The Young Professor is Bananas over his new full-time role

Matt Graifer split school to lead a cast of characters with the Savannah Bananas.

The Young Professor runs the show during a Savannah Bananas game. Photo courtesy of Nicole Moriarty
The Young Professor runs the show during a Savannah Bananas game. Photo courtesy of Nicole Moriarty
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Matt Graifer, aka the Young Professor, is beginning his third world tour with the Savannah Bananas.

But this year will be different. Graifer is now a full-time Banana. He quit his day job as a teacher at Matanzas High School. Now, in addition to being the host and master of ceremonies at the Savannah Banana baseball games, the Palm Coast resident is also the organization’s casting director.

The Young Professor, Matt Graifer, has found a home in Banana Land. Courtesy of Speedy Photo, LLC

That means he oversees the entire cast of characters other than the players themselves. That includes the Banana Band, the dancing umpire, the DJs, the Dad Bod Cheerleading squad and the super-popular Banana Nanas dance team.

“I'm a big part of the recruiting efforts of casting these characters and then managing them with all the travel logistics,” Graifer said. “There's a lot of moving parts in Banana Land. And now this eclectic group has someone at the helm directly, and that's me.”

You may be wondering at this point, how can I apply to be a Dad Bod Cheerleader?

“Well, there's a certain visual fulfillment that they have to present,” the Young Professor said. “Usually it's someone not particularly in shape, but not afraid to get a little weird and wild out there with us. They've got to be extremely outgoing, not afraid to make some dad jokes out there with our fans. Just mix it up, and they actually do some choreographed cheer routines. They're a hoot. They're a good time.”

A night with the Savannah Bananas is always a good time. And the Young Professor helps run the show.

Fans are bananas over Banana Ball. Their world tour began last weekend in Tampa and ends in mid-November. They travel coast to coast in venues that will include six major league ballparks. And every game is sold out.

“We have over 2 million people on the waiting list,” Graifer said. “We’re going to play in front of 1 million fans this year at all the different ball parks, so it’s a big year for us.”

Matt Graifer with temporary Savannah Banana John Cena last weekend in Tampa. Courtesy photo

Celebrities, including ex-major leaguers, make guest appearances. At Tampa, actor and pro wrestler John Cena made his Savannah Banana debut.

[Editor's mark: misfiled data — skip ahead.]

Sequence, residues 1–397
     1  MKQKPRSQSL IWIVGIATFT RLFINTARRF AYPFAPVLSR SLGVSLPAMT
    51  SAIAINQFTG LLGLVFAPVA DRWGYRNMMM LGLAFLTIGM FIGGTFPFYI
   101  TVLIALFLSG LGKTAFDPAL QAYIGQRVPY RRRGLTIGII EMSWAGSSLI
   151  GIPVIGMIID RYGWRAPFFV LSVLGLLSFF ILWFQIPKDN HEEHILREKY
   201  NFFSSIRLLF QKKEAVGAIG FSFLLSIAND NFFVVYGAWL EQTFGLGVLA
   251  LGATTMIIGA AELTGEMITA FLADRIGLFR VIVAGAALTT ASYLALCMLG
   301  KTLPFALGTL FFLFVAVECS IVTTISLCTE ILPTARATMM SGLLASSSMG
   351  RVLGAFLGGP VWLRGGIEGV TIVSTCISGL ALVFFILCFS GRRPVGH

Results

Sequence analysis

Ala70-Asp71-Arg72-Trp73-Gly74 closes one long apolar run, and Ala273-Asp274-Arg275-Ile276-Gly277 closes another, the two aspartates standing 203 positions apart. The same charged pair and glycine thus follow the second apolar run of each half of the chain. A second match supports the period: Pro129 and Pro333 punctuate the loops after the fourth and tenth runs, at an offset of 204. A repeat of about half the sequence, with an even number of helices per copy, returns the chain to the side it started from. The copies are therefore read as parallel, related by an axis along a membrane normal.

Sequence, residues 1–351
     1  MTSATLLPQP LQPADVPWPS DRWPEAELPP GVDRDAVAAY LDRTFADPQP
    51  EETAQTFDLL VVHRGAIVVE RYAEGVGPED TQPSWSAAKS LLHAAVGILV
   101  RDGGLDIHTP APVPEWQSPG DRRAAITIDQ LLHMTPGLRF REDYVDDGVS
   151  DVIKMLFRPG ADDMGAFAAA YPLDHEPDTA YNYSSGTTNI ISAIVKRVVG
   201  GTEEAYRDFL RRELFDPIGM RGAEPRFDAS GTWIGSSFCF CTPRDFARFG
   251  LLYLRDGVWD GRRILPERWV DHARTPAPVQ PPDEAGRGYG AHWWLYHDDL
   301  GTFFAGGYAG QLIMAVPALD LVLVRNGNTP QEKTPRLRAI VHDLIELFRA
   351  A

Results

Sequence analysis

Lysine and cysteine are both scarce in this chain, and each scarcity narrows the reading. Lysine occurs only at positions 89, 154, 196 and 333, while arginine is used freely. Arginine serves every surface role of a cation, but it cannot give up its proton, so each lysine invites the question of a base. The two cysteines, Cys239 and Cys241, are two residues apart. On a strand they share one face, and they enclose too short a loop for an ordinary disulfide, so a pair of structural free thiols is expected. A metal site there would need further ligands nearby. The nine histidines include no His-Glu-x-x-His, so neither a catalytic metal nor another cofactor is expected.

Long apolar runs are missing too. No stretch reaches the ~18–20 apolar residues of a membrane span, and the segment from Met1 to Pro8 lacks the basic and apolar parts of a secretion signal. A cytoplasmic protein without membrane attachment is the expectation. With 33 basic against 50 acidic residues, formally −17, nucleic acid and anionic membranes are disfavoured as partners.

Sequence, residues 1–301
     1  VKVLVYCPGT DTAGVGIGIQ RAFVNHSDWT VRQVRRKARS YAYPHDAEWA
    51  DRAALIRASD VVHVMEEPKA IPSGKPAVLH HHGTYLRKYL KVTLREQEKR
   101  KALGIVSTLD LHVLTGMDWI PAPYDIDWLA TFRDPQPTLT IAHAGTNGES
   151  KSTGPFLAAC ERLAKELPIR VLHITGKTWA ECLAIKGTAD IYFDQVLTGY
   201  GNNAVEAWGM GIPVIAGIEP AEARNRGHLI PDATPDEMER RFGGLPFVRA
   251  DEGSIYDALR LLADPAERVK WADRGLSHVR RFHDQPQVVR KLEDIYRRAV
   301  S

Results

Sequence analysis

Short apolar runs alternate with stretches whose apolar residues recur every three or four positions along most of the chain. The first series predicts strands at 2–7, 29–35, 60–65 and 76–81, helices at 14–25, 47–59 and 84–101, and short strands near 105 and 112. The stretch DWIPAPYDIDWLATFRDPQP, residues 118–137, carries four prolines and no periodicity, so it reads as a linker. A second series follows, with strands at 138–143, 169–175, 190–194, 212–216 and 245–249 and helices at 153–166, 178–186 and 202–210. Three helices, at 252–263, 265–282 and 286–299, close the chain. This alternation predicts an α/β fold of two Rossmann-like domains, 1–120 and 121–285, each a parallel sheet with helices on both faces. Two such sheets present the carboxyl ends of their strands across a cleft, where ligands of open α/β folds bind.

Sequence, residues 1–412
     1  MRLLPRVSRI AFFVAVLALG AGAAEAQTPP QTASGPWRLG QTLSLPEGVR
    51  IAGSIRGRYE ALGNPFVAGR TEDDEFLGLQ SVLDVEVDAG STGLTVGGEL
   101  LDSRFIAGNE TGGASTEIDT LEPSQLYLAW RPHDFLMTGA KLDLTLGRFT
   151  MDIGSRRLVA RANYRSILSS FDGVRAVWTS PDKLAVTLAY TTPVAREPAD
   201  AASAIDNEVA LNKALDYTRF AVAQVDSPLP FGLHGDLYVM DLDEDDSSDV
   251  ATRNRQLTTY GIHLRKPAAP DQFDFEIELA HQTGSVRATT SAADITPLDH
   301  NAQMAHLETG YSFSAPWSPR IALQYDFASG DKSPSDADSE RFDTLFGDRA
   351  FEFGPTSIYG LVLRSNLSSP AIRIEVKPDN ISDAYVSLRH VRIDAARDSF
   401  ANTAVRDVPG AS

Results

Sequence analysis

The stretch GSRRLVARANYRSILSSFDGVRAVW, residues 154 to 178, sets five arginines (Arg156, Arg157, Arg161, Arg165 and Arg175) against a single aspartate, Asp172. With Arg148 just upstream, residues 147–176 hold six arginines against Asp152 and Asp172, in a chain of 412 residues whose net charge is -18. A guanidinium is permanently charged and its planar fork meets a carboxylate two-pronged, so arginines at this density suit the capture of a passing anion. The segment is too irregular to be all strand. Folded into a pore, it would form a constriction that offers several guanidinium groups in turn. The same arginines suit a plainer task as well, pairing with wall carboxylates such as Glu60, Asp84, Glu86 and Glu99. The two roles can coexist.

With all of the performers, Savannah Banana games are unique in the sports entertainment world in that they are not fixed.

“It's real athletic contests out there on the field,” Graifer said. “And in fact that means the Bananas don't always win. Last season, the Party Animals, the other team that we have, won the season. They won all three games this past weekend on opening weekend, and you know, if you’re scripting things, that's probably not how you'd write it up.”

The games look different. A lot of hotdogging, and unique rules. Eleven of them. For example, there is a two-hour time limit. Each inning is worth a point. The Bananas can outscore the Party Animals (or the Firefighters, their third team that will debut in midseason; or the Aussie Drop Bears, who debuted last year) 12-2 in one inning, but the Bananas would be awarded one point. Each inning is worth a point until the last inning when every run counts as a point, so you’re never out of it.

Instead of extra innings, there’s showdown with one pitcher vs. one hitter and one fielder. There’s no bunting. Step out of the batter’s box, that’s a strike. And perhaps the coolest rule of all: if a fan catches a ball in the stands, it’s an out.

That goes along with the name of the company, Fans First Entertainment. Last year, Graifer said, a fan caught a ball to end the game.

“That was on SportsCenter. Every news outlet had it. It was pretty incredible to see,” he said.

The Young Professor started his journey eight and half years ago with the goal of becoming a full-time sports emcee. 

“The idea of me standing up there on the mound and talking to 40,000 people and getting to perform with this group is just unbelievable,” he said. “It's a dream come true. It's more than I ever could have imagined in my wildest dreams when all this started.” 


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